The New York channel consists mostly of two genial middle-aged men: Pak Song Il, a husky diplomat with a gray brush cut; and his aide-de-camp, Kwon Jong Gun, who is younger and thinner. They go everywhere together. (The North Korean government has diplomats work in pairs, to prevent them from defecting, or being recruited as spies.) Under U.S. law, they can travel only twenty-five miles from Columbus Circle. Pak and Kwon met me near their office, for lunch at the Palm Too. They cautioned me that it might take several months to arrange a trip. North Korea periodically admits large groups of American journalists, to witness parades and special occasions, but it is more hesitant when it comes to individual reporters, who require close monitoring and want to talk about the nuclear program.

New Nuclear Threat: Terrorists Could Profit from North Korea's Technology

Alan L. Gropman

Pyongyang would not hesitate to sell nuclear technology to build its military and keep Kim Jong-un in luxury.

North Korea almost certainly will not attack the United States or its armed forces or its distant territories with conventional or nuclear weapons. The costs to Kim Jong-un and his country would be monstrous. Kim’s hyperbolic rhetoric is much more a message to the North Korean people than to Americans, and his hyperbolic language is like his father’s and grandfather’s, and means little. What is highly likely, however, is Kim selling nuclear technology to truly dangerous adversaries of the United States—some of which the United States will be less likely to deter.

Nuclear nonproliferation has been an essential part of United States national-security strategy since 1945. It has been a largely successful policy—there are only eight nuclear capable countries in the world and half of them are not U.S. adversaries. The United States (and most other countries) desires no more nuclear capable states.

President Harry S. Truman established the policy when World War II ended by breaking a promise to the United Kingdom, which provided seminal help to the United States in the earliest days of the Manhattan Project. The United Kingdom was promised—but denied after World War II ended—assistance in developing its own atomic weapons.

A War with Russia Would Go Nuclear. Here's Why.

Dave Majumdar

Simply put, if Russia were faced with a large-scale attack that could defeat its conventional forces, Moscow might resort to nuclear weapons.

While a recent RAND Corporation study concluded that Russia could overrun NATO’s member states Estonia, Latvia and Lithuania in the Baltics within sixty hours, the war games did not simulate the use of nuclear weapons. If, however, a war were to breakout between NATO and Russia, nuclear weapons would certainly come into play—especially if the conflict were going poorly for Moscow.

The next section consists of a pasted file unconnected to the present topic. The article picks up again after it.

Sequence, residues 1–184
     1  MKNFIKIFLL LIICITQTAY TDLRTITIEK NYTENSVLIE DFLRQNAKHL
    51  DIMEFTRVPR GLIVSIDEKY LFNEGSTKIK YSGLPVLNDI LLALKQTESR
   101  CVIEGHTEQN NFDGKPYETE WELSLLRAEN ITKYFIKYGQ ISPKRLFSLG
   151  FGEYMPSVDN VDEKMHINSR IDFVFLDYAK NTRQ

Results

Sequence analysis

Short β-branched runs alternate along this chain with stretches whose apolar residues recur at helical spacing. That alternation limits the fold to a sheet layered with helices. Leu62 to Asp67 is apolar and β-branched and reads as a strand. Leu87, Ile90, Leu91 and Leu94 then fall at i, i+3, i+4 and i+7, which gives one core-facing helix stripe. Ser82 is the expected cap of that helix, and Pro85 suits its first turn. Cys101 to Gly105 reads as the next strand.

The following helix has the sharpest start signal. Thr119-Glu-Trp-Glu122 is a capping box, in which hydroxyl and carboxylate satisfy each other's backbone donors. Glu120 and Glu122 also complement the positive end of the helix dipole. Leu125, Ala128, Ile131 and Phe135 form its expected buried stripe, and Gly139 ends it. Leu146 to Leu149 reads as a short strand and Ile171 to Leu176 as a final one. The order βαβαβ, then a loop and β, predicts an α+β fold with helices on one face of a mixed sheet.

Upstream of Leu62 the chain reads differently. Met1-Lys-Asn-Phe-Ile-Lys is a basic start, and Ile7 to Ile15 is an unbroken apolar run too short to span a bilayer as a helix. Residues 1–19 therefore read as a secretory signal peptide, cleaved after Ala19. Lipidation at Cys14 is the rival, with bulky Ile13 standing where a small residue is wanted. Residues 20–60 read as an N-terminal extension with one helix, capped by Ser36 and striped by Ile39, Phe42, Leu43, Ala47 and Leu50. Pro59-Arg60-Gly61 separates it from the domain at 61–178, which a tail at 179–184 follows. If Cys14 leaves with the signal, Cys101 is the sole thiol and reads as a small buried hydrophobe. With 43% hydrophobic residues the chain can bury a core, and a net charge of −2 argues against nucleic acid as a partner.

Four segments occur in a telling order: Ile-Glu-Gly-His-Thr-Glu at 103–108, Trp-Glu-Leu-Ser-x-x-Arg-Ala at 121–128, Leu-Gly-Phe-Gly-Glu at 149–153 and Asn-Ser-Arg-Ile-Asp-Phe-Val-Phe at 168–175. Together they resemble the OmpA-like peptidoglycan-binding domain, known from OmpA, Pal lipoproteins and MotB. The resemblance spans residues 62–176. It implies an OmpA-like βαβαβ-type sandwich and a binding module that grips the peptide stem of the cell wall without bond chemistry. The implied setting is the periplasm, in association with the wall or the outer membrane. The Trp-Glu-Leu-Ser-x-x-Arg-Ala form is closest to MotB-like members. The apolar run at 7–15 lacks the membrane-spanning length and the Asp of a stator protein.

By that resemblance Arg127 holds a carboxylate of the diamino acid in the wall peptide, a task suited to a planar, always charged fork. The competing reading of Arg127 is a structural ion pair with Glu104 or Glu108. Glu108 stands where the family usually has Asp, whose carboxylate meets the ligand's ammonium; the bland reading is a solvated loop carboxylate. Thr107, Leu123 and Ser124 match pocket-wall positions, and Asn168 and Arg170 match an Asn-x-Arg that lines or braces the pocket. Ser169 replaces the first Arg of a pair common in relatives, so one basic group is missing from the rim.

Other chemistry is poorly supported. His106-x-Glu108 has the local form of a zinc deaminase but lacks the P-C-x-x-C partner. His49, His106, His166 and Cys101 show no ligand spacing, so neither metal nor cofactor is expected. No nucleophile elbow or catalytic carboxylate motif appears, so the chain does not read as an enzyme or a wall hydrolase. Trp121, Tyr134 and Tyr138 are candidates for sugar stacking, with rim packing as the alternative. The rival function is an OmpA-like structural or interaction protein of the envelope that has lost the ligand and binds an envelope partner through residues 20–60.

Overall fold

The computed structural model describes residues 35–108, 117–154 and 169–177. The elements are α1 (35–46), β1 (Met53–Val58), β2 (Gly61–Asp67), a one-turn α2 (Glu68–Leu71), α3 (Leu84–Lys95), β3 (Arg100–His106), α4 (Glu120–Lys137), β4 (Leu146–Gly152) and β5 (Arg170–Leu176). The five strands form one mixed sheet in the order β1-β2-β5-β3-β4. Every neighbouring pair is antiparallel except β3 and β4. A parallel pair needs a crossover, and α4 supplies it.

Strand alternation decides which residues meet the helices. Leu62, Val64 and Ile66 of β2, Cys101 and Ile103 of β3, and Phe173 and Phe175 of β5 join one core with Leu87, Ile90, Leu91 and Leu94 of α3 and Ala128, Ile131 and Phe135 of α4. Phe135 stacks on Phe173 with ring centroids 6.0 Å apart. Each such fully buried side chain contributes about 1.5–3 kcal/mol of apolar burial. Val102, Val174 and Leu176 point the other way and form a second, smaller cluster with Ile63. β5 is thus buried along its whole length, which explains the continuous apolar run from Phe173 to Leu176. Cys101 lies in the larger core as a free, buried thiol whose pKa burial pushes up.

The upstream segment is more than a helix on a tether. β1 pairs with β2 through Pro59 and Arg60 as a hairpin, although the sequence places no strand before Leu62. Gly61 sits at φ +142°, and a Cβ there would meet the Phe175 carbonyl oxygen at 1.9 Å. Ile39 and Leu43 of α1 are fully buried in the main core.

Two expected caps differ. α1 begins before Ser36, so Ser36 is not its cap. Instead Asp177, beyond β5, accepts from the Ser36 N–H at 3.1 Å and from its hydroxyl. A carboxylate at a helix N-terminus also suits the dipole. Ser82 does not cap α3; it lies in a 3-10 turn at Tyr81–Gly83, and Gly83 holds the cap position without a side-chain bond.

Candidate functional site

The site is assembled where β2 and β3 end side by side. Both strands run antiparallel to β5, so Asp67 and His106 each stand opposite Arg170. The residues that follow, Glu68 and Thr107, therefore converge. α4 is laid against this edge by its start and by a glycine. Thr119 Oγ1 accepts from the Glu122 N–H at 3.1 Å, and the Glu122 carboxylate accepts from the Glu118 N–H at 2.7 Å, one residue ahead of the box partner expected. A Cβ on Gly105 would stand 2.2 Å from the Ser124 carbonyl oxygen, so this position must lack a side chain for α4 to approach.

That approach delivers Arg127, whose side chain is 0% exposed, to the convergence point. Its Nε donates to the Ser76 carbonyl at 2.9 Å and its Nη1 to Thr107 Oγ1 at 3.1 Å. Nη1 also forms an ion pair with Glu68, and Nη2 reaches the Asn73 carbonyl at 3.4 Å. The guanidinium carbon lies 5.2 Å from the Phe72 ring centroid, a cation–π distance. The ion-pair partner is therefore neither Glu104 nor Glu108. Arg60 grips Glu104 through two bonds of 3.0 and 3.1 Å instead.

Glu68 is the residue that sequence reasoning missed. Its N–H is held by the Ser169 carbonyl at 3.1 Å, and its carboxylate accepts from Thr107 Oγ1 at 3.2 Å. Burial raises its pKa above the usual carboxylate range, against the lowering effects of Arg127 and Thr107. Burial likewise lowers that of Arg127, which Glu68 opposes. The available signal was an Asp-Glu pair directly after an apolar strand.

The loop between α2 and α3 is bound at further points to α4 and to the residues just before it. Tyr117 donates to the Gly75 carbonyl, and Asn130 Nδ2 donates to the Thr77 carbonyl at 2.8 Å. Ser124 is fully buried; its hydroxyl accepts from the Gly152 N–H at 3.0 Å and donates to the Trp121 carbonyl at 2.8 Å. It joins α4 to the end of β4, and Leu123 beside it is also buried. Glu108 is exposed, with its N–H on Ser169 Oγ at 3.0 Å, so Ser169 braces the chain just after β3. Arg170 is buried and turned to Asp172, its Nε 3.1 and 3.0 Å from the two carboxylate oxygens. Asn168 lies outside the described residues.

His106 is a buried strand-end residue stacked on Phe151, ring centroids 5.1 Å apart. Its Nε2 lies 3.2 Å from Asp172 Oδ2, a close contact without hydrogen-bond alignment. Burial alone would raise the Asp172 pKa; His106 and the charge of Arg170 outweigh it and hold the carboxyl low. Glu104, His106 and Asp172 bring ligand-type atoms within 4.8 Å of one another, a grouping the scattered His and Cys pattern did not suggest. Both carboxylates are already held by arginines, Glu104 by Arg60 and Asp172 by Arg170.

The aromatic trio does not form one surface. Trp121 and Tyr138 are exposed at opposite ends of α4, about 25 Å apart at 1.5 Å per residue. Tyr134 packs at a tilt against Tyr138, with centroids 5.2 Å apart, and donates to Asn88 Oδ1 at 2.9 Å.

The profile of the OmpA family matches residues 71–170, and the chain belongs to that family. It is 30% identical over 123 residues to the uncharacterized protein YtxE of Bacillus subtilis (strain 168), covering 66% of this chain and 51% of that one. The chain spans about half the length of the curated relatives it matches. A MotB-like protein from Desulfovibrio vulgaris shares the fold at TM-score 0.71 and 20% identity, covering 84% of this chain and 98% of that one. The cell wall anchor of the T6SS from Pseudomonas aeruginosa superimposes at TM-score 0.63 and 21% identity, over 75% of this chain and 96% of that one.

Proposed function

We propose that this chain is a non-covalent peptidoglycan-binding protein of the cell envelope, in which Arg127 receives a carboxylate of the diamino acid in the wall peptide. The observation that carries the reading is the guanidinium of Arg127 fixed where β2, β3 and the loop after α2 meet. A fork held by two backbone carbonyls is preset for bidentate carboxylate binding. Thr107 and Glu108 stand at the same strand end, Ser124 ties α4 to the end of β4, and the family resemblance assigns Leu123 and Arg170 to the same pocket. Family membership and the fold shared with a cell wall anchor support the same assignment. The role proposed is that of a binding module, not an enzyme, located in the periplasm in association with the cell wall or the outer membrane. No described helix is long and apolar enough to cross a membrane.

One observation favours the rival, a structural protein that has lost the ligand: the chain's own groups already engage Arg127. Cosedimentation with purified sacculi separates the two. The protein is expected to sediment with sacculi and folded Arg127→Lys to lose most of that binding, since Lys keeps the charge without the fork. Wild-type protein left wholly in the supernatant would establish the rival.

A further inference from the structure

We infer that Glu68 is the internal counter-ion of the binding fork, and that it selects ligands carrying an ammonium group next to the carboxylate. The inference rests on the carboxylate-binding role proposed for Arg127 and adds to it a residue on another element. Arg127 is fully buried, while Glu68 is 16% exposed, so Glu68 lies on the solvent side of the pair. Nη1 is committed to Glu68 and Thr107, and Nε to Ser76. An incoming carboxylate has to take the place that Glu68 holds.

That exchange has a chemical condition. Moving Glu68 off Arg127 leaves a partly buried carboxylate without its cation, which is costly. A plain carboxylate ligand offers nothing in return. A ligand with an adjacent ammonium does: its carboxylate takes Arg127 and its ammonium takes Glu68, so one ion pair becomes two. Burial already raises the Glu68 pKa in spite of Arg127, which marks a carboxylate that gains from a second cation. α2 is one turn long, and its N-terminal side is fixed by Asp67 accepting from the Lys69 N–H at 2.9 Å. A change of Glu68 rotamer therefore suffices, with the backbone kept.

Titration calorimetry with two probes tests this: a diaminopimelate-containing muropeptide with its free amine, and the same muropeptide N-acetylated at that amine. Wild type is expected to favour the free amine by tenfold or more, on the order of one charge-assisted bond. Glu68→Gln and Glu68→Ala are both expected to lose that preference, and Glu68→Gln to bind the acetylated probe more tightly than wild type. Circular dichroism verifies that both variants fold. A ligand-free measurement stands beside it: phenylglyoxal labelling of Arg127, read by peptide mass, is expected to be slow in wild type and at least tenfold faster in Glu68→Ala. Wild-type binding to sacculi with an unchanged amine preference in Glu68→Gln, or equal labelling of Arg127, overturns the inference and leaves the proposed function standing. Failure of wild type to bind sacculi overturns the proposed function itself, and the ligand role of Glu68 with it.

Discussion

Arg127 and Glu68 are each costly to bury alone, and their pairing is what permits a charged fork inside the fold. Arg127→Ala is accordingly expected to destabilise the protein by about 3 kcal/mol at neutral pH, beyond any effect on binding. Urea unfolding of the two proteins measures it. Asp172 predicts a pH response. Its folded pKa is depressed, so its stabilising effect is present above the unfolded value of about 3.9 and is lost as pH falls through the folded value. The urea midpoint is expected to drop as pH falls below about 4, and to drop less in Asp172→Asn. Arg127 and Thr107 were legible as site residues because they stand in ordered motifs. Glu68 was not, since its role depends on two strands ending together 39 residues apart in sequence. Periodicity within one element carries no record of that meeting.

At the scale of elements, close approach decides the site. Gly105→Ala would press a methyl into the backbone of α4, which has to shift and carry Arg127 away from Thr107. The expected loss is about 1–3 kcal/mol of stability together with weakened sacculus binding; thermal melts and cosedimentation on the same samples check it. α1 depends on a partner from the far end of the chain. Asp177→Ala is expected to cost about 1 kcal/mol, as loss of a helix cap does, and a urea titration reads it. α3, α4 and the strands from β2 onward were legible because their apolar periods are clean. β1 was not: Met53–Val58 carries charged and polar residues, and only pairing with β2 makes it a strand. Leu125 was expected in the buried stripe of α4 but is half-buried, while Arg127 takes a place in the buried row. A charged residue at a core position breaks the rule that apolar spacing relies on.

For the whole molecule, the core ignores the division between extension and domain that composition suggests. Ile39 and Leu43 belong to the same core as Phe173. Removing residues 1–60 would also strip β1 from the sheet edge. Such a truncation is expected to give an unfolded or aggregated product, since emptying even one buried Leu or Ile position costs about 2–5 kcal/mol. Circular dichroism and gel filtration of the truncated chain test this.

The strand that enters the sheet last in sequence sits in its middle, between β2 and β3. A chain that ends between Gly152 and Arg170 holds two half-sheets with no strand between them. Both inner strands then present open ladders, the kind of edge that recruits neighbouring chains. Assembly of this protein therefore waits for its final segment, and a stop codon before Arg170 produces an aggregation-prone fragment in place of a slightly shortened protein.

Unlike the Soviet Union, which had a stated “no first use” policy, modern Russia explicitly rejected that pledge in 1993. In fact, as Moscow’s conventional forces continued to atrophy during the economic and social meltdown of the 1990s, Russia developed a doctrine called de-escalation in 2000. Simply put, if Russia were faced with a large-scale attack that could defeat its conventional forces, Moscow might resort to nuclear weapons. In 2010, Russia revised the doctrine somewhat as its conventional forces started to recover from the aftermath of the Soviet collapse—the current version states Moscow would use nuclear weapons insituations “that would put in danger the very existence of the state.”

While the RAND study shows that Russia would be able to take the Baltics fairly easily, the war game didn’t explore what would happen in the event of a NATO counter offensive. The RAND study simply states:

9 September 2017

Building an H-Bomb in Plain Sight


Usually countries build nuclear weapons in secret—but not North Korea. 

North Korea’s latest nuclear weapon test is by far its largest yet. Preliminary analysis of the seismic signals it generated while exploding under a mountain last week suggest it was at least 100 kilotons in strength, and the North Koreans themselves claim it was “hundreds” of kilotons. (The bomb that destroyed Hiroshima was 15 kilotons.) This has led many analysts to suggest that North Korea has in fact developed a working hydrogen bomb.

North Korea has backed up its claim—sort of—by releasing photographs showing a peanut-shaped weapon that could fit into a missile nose cone. While an external weapon casing cannot tell one much about what actually is inside the weapon (it might be filled with jelly beans for all we know), it’s the clearest signal yet that the North Koreans desperately want the world to consider them a thermonuclear power.

The North Korean Missile Threat

by Niall McCarthy

In one of its most provocotive acts yet, North Korea has test-fired a ballistic missile over Japan's Hokkaido region, prompting its residents to seek cover. And now Pyongyang has tested a powerful nuclear device 6 times more powerful than the bomb dropped on Nagasaki in WW II.

Early analysis suggests the missile was a Hwasong-12 that flew over 2,700km before breaking into three pieces and landing in the North Pacific Ocean approximately 1,180km from the Japanese coast.

North Korea possesses a host of short and medium range systems including rocket-artillery and SCUD tactical ballistic missiles. Its intercontinental ballistic missiles are a whole different ball game and western obervers believe Pyongyang was able to develop that advanced technology under the auspices of its Unha space program.

Using data from the Center for Strategic and International Studies and the Missile Defense Project, the following infographic provides an overview of the key ballistic missiles in North Korea's arsenal. While the Taepodong-2 was probably only used as part of the Unha space program, the Hwasong 14 is notable as being likely capable of reaching the continental United States.


NORTH KOREA CONDUCTED its sixth nuclear test on Sunday, claiming that it had detonated a hydrogen bomb that was small and light enough to be mounted on an intercontinental ballistic missile. Pyongyang has made such claims before without proof that it actually possesses those advanced capabilities. Sensors in South Korea, China, and the US indicated, though, that whatever the Hermit Kingdom exploded underground on Sunday was more powerful than the atomic weapons the US used during World War II—a benchmark North Korea had not definitively topped before.